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India ranks second in global diabetes diagnostic centres count: Study

India ranks second in global diabetes diagnostic centres count: Study

A new report titled “Diabetes Global Industry Overview 2023” reveals that nearly seven million people died globally due to diabetes in 2021, with a staggering $970 billion spent on healthcare. Currently, 537 million adults worldwide are living with diabetes, with three-quarters of them residing in low- and middle-income countries.

Report: 540M with impaired glucose

The report, published by Aging Analytics Agency, an analytical company focused on aging, geroscience, and longevity, also highlights that over 540 million adults globally have impaired glucose tolerance, a condition associated with prediabetes.

Alarmingly, the level of undiagnosed diabetes globally stands at around 40%, with the highest levels found in Africa (60%), South-East Asia (57%), and the Western Pacific Region (56%). The report attributes this to the fact that diabetes can often go undiagnosed for years unless detected during a routine screening exam and blood test.

Over 1,800 diabetes treatment centers worldwide

The study also found more than 1,840 medical centres specialising in diabetes treatment worldwide. The US leads the market with 1,466 medical centres, accounting for approximately 78% of the global total. India, Canada, the UK, Japan, and Australia follow with significant numbers of medical centres for diabetes.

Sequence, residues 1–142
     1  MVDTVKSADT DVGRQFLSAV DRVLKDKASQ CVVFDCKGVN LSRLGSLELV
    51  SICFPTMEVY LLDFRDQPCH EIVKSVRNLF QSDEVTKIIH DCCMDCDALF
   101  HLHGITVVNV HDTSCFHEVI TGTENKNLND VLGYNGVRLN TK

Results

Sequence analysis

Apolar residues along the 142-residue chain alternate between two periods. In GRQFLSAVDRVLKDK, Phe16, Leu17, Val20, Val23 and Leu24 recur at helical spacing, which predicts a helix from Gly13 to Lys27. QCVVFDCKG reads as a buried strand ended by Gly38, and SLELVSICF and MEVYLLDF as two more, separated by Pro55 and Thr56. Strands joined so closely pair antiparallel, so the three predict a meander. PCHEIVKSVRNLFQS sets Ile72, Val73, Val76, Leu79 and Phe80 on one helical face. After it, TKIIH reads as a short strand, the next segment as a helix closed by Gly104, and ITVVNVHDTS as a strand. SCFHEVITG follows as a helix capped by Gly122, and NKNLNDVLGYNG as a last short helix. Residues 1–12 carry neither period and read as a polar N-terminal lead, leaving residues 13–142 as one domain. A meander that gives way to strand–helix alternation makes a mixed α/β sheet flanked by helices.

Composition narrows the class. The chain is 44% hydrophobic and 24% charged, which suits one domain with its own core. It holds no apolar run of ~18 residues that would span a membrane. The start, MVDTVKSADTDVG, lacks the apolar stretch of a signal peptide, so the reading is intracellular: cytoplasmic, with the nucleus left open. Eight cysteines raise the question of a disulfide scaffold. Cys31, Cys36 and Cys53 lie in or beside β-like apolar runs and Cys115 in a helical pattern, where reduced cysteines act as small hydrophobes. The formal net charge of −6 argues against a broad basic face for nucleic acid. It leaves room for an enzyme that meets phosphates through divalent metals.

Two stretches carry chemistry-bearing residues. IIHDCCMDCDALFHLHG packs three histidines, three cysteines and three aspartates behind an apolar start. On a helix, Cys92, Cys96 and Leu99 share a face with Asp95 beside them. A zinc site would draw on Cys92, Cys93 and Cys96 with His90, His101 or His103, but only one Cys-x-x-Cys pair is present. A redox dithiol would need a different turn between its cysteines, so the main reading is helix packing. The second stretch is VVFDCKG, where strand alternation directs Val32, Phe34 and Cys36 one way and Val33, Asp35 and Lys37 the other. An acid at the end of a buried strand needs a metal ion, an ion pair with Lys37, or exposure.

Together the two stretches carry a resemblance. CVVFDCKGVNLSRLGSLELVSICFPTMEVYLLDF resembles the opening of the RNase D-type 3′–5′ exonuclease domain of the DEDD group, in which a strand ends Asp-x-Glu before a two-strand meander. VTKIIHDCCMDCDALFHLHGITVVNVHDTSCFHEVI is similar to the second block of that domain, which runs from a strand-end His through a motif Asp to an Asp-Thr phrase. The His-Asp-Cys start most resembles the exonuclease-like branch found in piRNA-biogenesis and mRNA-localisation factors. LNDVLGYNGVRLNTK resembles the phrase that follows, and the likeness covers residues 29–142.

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Over 1,800 companies offer hospital services for patients with diabetes. Around 45% of them specialise directly in diabetes treatment, while 20% provide treatment for diabetes complications. These clinics offer a range of services including diabetes treatment, prevention, screening, managing patients’ health and quality of life, residential and home care, and rehabilitation.

However, the market saturation of this type of service has been apparent since 2019. The period between 2000 and 2007 represents the “industry breakthrough” era of diabetes diagnostics. The market then experienced a period of relative stability between 2008 and 2016 before a period of industry collapse from 2017 onward.

In the last two years since the COVID-19 pandemic, only 13 new diabetes diagnostics clinics have been opened. The report also found more than 530 companies specialising in diabetes diagnostics. The US leads this market as well, hosting more than 65% of diagnostic companies for diabetes.

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